Try listening instead of being busy crafting a comeback.


How do you know you’re being wise or foolish? How can we work toward putting wisdom to practice in day-to-day encounters? David Powlison in Good and Angry: Redeeming Anger, Irritation, Complaining, and Bitternessgives the following as examples of “good fruit” of wisdom.

  1. Keep your mouth shut, when you used to blurt out a reaction.
  2. Listen, when you used to be busy crafting a comeback.
  3. Speak up courageously, when you used to get intimidated.
  4. Embed any specific criticism of another in both appropriate commendation and Christ-centered optimism.
  5. Treat people fairly, representing them accurately and recognizably; no gross caricatures.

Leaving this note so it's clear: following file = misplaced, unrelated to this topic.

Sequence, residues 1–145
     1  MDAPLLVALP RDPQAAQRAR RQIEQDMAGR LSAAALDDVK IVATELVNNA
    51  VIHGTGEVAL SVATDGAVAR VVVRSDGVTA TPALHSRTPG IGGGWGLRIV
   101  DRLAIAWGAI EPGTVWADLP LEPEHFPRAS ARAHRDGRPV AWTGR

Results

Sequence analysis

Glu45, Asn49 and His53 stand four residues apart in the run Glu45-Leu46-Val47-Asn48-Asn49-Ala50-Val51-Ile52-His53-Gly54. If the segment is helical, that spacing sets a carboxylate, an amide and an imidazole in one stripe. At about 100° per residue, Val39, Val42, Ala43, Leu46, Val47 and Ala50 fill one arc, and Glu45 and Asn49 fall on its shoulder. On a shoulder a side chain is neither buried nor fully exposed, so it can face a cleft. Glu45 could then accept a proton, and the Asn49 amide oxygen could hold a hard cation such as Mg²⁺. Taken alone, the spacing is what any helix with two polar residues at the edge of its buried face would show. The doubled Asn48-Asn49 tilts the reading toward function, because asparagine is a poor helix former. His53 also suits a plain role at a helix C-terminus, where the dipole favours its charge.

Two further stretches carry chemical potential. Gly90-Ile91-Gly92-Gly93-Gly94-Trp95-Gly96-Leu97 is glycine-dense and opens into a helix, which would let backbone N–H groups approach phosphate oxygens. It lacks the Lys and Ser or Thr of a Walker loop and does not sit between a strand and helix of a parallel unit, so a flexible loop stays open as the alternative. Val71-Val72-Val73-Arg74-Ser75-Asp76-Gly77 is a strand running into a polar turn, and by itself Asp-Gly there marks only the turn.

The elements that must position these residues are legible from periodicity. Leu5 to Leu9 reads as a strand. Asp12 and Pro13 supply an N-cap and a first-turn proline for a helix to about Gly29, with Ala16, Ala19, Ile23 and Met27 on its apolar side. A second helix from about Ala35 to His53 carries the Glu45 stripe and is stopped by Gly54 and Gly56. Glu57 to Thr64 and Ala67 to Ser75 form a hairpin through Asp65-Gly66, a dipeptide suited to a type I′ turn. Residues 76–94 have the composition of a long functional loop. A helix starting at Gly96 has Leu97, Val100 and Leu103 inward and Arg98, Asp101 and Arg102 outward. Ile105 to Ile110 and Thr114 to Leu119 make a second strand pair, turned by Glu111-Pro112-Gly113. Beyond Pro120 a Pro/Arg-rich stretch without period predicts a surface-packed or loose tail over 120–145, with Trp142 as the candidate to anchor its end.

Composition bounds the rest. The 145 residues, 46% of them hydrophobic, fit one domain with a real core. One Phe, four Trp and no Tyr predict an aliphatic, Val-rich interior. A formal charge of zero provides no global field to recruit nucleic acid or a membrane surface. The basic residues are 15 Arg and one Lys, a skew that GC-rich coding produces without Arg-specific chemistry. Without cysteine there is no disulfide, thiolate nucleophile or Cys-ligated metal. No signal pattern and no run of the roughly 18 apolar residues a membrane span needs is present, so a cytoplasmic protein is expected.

6. Speak accurately and abandon prejudicial language: “always” and “never” are rarely true and are invariably more destructive than constructive.
  7. Speak calmly, rather than with gusts of inflammatory emotion.
  8. Speak frankly, rather than inhibited by timidity.
  9. Raise an issue you used to swallow.
  10. Overlook an offense you used to explode over.
  11. Solve the problem, rather than attacking the person.
  12. Expect to see Christ work, rather than despairing or panicking when troubles come.
  13. Replace harsh words that stir up anger with gentle answers.

This is a helpful list to pray through. As you pray ask God to help you more faithfully exude His wisdom.

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